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Master Farmers John and Kristi Kretzmeier started from scratch

Slideshow: As first-generation farmers, the Kretzmeiers supplied sweat equity to grow their operation.

When you sit down and chat with John and Kristi Kretzmeier around their dining room table, it’s easy to get lost in conversation about 20-inch row crops, raising crops without grain storage and adapting reduced tillage to their black, heavy soils. Both can tell you all the ins and outs of why they do what they do. But if that’s all you talk about, you miss out on the most amazing story the Kretzmeiers can tell. These 2017 Master Farmers started from scratch. They’re first-generation farmers.

“I started out working for another farmer while I was in FFA at Benton Central High School,” John says. “Working for him was my supervised ag experience project.” John later won national recognition for his ag placement proficiency in FFA, but the award wasn’t what was most important to him. The project gave him experience and convinced him that he wanted to farm.

Meanwhile, Kristi grew up on a farm near Rochester. Her dad, George Krom III, co-hosted the 1989 Farm Progress Show and was later named a Master Farmer. He still farms today, but his operation was too far away to be of help to John and Kristi, who wanted to start on their own in Benton County. John’s dad, Harris, worked for an ag supply business but didn’t farm.

Clean start
“We started from scratch,” John says. “My father-in-law’s operation is 75 miles away. We had to figure it out on our own, although everyone was supportive of what we wanted to do.”

John farmed the first 200 acres he rented on his own by trading labor for use of another farmer’s equipment. “My own relatives wouldn’t rent me the land where we now live for a couple years,” John says. “I guess they wanted to make sure I knew what I was doing.”

John and Kristi married in 1990. For the first 10 years, John recalls, they both worked off-farm jobs so they could support themselves while trying to get established in farming.

“I worked for Midwest Swine Service, doing a job which doesn’t even exist today,” Kristi says. “The main business at that time was obtaining information on back-fat measurements and other carcass parameters. I worked from home, doing mostly computer work assembling the data.”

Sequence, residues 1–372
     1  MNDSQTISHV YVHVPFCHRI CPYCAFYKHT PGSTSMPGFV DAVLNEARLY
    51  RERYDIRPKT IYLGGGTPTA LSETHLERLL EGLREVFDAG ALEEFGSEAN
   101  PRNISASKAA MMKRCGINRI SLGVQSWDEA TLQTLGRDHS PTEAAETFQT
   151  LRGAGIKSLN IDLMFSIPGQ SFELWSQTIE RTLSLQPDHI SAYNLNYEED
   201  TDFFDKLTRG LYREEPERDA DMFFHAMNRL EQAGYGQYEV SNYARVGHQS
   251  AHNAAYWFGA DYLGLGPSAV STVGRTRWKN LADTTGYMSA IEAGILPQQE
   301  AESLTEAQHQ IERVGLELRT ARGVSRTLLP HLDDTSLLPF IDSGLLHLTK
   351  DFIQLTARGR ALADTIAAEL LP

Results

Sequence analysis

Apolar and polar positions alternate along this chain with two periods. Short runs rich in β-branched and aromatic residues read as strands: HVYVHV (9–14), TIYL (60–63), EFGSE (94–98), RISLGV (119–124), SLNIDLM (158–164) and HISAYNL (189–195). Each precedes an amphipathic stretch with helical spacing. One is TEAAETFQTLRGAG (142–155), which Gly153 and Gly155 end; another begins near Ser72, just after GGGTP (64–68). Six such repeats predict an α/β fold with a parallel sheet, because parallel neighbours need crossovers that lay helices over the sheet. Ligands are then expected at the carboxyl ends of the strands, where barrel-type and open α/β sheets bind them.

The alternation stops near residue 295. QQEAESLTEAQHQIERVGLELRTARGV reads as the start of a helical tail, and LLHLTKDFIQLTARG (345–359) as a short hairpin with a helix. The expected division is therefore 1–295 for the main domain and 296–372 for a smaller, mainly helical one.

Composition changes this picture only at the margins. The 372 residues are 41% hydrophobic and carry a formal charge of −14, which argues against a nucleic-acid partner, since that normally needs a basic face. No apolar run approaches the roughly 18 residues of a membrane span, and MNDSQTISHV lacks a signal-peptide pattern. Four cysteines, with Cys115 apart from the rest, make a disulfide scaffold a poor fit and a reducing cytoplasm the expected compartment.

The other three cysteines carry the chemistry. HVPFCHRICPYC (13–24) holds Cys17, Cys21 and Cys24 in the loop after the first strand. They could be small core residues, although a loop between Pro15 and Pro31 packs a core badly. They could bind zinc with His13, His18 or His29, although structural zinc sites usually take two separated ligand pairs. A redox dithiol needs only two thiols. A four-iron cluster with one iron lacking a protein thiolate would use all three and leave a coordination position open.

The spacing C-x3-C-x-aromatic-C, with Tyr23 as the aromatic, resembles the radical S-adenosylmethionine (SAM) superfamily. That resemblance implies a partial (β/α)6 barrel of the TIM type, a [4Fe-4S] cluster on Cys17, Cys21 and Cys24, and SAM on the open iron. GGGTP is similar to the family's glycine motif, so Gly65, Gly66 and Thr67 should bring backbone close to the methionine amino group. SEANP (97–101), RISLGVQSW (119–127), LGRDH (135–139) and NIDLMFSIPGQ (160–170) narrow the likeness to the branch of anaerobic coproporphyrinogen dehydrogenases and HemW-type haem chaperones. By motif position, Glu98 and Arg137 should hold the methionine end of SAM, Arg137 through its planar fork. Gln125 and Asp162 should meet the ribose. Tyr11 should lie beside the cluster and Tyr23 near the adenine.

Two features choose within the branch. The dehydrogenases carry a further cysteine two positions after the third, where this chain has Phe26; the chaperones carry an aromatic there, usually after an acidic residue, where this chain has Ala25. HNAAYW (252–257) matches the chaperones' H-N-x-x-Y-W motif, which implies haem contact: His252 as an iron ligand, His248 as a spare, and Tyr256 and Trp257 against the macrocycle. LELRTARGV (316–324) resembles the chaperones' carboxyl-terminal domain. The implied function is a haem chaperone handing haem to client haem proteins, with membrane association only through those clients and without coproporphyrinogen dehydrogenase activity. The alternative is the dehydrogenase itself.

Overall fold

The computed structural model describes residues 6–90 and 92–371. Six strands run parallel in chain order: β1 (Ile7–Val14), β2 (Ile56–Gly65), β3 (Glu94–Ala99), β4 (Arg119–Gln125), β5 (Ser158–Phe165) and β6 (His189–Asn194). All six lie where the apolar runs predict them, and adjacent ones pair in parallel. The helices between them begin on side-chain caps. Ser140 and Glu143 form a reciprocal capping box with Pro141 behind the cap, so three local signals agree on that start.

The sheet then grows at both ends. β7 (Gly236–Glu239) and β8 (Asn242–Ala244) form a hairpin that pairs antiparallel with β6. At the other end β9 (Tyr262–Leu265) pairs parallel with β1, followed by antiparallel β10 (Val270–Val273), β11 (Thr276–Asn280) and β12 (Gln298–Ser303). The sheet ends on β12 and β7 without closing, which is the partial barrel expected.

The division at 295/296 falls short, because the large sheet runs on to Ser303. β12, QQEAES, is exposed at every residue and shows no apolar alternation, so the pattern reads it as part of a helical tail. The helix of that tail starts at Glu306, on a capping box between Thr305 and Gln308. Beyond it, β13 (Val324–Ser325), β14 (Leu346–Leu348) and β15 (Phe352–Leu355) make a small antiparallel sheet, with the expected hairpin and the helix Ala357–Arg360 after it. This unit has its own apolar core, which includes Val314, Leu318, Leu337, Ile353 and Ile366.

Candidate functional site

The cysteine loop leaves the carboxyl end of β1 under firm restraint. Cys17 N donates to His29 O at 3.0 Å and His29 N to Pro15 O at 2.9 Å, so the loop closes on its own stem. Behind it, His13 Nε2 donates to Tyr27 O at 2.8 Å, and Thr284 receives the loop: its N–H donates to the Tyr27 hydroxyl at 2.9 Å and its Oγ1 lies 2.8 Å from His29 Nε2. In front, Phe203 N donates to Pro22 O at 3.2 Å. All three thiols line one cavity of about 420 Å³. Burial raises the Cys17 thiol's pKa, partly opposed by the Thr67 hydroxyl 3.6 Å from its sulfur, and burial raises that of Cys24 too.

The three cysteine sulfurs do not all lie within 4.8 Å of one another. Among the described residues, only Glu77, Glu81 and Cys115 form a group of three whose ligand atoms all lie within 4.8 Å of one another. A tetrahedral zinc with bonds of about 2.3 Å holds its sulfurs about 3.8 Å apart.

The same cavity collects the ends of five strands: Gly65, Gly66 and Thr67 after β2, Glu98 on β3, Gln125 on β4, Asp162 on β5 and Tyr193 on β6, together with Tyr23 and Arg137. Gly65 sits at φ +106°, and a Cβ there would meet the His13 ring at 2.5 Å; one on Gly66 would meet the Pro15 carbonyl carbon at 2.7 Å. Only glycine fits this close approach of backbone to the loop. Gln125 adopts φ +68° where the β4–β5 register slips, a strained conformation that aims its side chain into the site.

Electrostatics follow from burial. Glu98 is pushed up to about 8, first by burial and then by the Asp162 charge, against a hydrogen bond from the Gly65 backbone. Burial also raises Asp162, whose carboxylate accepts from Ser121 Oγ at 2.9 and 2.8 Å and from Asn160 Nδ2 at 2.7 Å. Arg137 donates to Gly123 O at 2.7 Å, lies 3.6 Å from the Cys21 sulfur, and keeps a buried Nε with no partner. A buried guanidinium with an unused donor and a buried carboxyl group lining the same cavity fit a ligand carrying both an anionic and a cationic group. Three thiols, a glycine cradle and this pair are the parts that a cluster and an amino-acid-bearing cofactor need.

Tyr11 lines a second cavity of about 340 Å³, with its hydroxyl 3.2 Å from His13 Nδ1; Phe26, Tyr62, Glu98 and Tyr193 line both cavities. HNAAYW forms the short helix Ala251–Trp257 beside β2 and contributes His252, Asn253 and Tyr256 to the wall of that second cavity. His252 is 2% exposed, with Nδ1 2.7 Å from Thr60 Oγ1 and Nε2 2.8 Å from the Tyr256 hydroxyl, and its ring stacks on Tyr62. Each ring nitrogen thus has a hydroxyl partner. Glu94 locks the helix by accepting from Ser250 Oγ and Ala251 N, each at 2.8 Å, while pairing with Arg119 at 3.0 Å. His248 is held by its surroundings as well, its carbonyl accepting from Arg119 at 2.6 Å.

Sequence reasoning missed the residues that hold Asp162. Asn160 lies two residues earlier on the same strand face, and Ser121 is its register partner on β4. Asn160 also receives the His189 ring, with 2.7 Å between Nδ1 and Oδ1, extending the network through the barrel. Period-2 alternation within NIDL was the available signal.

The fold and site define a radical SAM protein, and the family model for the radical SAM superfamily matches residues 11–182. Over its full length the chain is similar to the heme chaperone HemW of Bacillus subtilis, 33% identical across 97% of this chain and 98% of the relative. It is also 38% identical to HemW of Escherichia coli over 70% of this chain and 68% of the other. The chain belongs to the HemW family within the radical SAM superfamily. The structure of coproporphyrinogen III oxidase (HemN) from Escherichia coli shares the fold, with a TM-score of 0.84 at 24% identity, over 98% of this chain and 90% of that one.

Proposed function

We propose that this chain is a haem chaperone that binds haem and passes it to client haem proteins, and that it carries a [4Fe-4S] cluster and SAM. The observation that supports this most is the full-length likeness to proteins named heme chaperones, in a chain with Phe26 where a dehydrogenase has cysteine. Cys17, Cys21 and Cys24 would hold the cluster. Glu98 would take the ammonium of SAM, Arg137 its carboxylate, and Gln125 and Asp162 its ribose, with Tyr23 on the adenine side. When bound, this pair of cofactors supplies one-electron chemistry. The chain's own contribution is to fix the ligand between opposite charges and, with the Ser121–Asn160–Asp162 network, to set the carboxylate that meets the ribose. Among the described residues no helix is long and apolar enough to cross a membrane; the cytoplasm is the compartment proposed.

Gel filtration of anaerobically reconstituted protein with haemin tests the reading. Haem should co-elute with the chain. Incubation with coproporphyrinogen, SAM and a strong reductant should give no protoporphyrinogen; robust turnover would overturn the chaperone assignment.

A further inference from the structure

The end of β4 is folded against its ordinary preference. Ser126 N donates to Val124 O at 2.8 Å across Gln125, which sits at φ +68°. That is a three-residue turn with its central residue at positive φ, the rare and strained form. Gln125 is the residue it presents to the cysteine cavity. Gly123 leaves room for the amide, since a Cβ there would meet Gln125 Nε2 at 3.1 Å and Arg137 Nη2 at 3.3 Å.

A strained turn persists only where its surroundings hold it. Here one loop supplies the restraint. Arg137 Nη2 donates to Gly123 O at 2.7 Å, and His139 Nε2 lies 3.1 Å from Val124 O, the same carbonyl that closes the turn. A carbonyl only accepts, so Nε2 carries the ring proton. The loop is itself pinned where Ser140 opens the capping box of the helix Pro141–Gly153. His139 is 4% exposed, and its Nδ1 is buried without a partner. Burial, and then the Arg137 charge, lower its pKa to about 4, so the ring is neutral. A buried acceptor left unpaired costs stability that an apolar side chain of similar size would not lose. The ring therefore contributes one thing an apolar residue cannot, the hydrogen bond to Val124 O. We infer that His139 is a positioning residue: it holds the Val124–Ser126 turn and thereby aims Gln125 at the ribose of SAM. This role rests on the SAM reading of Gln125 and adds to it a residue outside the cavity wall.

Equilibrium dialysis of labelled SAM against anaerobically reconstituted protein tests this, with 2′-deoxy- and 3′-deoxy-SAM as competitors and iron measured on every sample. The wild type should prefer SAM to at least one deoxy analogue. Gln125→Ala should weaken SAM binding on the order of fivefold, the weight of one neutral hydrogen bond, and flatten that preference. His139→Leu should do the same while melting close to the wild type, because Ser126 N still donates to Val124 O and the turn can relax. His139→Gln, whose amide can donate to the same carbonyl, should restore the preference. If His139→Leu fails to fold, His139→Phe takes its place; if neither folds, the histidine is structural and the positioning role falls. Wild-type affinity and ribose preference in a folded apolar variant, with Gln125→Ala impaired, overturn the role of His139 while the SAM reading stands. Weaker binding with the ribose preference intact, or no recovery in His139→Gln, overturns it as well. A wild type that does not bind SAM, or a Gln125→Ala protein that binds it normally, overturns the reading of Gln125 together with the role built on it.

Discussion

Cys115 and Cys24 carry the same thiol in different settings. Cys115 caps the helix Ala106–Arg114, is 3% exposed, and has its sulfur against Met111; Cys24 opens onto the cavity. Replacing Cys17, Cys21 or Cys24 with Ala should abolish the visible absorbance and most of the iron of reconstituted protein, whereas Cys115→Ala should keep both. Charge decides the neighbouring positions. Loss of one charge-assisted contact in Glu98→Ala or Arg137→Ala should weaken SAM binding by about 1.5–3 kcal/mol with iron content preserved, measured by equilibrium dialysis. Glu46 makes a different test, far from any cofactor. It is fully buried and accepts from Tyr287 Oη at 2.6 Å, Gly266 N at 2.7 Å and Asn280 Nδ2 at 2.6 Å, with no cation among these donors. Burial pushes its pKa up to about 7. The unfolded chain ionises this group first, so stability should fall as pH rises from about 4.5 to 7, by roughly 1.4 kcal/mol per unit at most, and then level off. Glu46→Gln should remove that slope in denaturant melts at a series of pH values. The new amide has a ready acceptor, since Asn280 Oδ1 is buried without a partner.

“Whatever we made from farming went back into the operation, when possible,” John says. “It’s the only way we could support ourselves and get established farming at the same time.”

Neither work off the farm today. Both are fully employed in their farm operation.

Tillage, narrow rows and more
If you visit the Kretzmeiers, you still want to have that conversation about cropping practices before you leave. They do several things that are fairly unique.

“We don’t have any grain bins,” John says. “We elected a long time ago to market in other ways, and not invest in grain handling and grain bins. We custom-hire our grain hauled out of the field in the fall.”

When it comes to tillage, the Kretzmeiers run a Case IH vertical-tillage tool in the fall after corn harvest and plant soybeans into that seedbed in the spring. They like to make a very light pass with the vertical-tillage tool over ground going to corn the next year in the fall, and then follow with a field cultivator ahead of the corn planter.

Since their labor supply is limited, they switched to 20-inch rows, and plant both crops with one planter. “We feel like we’re getting advantages over 30-inch rows for both crops,” John says.

Meet John and Kristi Kretzmeier

Age: John, 52
Location: Fowler, Benton County
Education: both graduated from Purdue University in ag economics
Crops: corn and soybeans, typically including corn after corn
Livestock: 15-sow hog operation to raise 4-H pigs; 15 beef cows, selling as 4-H animals; sheep for their kids’ 4-H projects
Employees: no full-time employees
Children: Kenzie, sophomore at Butler Junior College, Eldorado, Kan.; Clay, 17, senior at Benton Central; Carson, 14, freshman at Benton Central
Tillage: vertical-tillage after corn in fall ahead of soybeans; field-cultivate ahead of corn planting in the spring; use 20-inch rows for both crops
Leadership roles: John — past-president, Benton County Farm Bureau; 2017 president, Indiana Shorthorn Association; vice president, Benton Central FFA Alumni; member, PCARET group supporting Purdue Extension; Kristi — former member, Benton County Extension Board; past woman’s chair, Benton County Farm Bureau; co-leader, Jr. Farmers 4-H Club; auction committee clerk, Benton Central FFA Alumni; Master Gardener, Extension; Master Naturalist, Extension
Notable: met while John was an intern for a chemical company, preparing plots for the 1989 Farm Progress Show, which Kristi’s family co-hosted that year

Check out the slideshow below to learn more about the Kretzmeiers' operation.

TAGS: Management
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